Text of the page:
Chowdown at Yellow Pa Taut - Burmese in SOMA - Report
- Dave MP Nov 17, 2008 06:49 AM
15 hounds gathered last night at Yellow Pa Taut in SOMA for a great meal. I really enjoyed meeting new hounds and seeing familiar faces from past events - I also really enjoyed the food!
Here's a list of what we had - once others start commenting, I'll chime in again with my thoughts, but I wanted to get the conversation started.
#1 - Samosas
#5 - Fried Opo (Bu Thee Kyaw)
#6 - Fried shrimp w/ bean sprout w/ special sauce
#14 - Coconut Curry Chicken
#17 - Burmese pork belly curry
#41 - Tea Lead salad
#42 - Ginger salad
#39 - Baya Kyaw and Samosa Salad
#24 - Fish Cake Curry
#23 - Burmese Curry Catfish
#51 - Garlic Rice Noodles w/ Sliced Pork
#19 - Beef Biryani
#56 - Sour leaves w/ bamboo shoots
#47 - Mohinga (catfish and noodle soup)
#46 - Ohn No Khauk Swe (Coconut Chicken Noodle Soup)
#9 - Paratha (plain)
#62 - Raw veggies w/ shrimp paste
For dessert, we shared:
#70 - Semolina cake
#74 - Falooda (ice cream, rose syrup, jello, tapioca)
I think that was it....though there might be something I'm forgetting? Looking forward to reading the reports....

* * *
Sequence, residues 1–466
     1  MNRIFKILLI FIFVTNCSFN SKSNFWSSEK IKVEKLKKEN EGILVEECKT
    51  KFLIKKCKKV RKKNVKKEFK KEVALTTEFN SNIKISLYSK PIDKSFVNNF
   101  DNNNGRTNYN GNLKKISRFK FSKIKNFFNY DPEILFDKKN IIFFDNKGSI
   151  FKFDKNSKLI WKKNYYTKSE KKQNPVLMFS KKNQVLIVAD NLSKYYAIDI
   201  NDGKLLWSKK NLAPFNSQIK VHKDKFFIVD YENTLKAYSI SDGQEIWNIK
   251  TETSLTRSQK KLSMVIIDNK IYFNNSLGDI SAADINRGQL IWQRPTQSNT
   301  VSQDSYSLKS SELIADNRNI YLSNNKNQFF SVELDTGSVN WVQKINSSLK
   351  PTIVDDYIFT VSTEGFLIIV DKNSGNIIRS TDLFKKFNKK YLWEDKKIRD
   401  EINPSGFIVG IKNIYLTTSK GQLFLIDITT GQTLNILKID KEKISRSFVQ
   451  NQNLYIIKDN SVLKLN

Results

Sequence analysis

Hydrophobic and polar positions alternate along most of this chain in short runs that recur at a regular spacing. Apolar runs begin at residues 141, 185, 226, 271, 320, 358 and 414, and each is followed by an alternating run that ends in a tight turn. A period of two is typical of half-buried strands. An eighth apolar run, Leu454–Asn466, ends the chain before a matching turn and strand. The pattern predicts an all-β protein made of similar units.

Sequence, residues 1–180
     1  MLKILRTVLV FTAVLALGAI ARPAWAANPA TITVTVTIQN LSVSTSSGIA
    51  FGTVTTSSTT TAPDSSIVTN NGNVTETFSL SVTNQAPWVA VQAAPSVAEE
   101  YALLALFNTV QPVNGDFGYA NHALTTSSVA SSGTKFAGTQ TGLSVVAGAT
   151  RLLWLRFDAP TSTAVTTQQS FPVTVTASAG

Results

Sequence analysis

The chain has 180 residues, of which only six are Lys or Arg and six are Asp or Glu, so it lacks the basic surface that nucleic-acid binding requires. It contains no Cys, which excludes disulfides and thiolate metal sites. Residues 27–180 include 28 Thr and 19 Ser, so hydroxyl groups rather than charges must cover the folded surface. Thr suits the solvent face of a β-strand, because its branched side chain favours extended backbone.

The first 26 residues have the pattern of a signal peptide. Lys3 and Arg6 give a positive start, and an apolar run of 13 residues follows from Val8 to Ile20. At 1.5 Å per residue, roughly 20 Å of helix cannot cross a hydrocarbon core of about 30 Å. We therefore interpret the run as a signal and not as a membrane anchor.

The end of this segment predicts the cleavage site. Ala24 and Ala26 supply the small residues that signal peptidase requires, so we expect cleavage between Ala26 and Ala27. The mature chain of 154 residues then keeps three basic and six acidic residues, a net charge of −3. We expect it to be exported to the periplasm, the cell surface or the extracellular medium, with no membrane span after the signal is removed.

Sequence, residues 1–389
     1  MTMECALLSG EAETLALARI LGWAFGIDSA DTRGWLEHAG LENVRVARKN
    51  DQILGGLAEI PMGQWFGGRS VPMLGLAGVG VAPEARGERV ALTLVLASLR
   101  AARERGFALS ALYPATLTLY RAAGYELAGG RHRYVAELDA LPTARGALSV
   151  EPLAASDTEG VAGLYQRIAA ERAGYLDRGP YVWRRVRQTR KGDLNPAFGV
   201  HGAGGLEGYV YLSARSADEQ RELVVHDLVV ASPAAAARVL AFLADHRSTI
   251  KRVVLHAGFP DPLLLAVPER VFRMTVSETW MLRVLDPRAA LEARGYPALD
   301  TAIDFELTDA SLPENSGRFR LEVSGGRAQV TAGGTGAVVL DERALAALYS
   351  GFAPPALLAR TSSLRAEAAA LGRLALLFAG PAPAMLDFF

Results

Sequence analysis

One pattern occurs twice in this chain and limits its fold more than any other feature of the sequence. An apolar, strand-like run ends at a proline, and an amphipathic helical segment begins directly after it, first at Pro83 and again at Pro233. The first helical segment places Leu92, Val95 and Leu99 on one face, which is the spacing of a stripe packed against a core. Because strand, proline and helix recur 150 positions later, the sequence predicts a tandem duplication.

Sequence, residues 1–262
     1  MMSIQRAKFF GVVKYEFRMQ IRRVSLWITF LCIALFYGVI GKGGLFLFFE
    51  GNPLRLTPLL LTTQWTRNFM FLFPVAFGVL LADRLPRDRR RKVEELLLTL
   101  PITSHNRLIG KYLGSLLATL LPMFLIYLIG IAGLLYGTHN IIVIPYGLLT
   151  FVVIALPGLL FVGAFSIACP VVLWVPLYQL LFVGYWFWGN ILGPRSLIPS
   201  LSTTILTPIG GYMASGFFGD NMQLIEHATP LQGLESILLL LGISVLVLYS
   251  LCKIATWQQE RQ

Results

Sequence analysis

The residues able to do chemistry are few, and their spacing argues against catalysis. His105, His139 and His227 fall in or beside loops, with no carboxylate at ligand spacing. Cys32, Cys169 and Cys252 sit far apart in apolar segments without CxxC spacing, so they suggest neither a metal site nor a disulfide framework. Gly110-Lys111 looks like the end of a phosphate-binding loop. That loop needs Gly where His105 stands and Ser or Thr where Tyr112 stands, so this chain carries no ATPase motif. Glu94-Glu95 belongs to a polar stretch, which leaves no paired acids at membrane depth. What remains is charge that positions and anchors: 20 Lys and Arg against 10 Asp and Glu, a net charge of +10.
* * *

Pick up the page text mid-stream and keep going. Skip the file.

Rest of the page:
Yellow Pa Taut
15 Boardman Pl, San Francisco, CA 94103
We arrived late and missed the samosas. The fried shrimp were tasty with their heads on. I liked how spicy the Baya Kyaw and Samosa salad was. All three salads were fresh yet spicy and intricate. My friend S really loved the Tea Leaf Salad which neither of us have had before - so we can't really compare it to BSS or the other places in the city. My other favorite was the curry catfish which had a gingery soupy gravy that was great with rice. [It tasted a lot like a kalia if anybody is familiar with bengali food]. The Mohinga and the Kauk Swe had similar broths but the Khauk Swe was lighter tasting and the one I preferred. The paratha was pretty well-made and flaky probably through the use of hydrogenated vegetable oil or lard.
I also rather liked the desserts, which I had had pretty low expectations about from other reviewers online.
Overall nothing so amazing that folks need to run down to a rather seedy neighborhood but definitely worth keeping in mind along with the usual places in the tenderloin for reasonably priced and different asian food.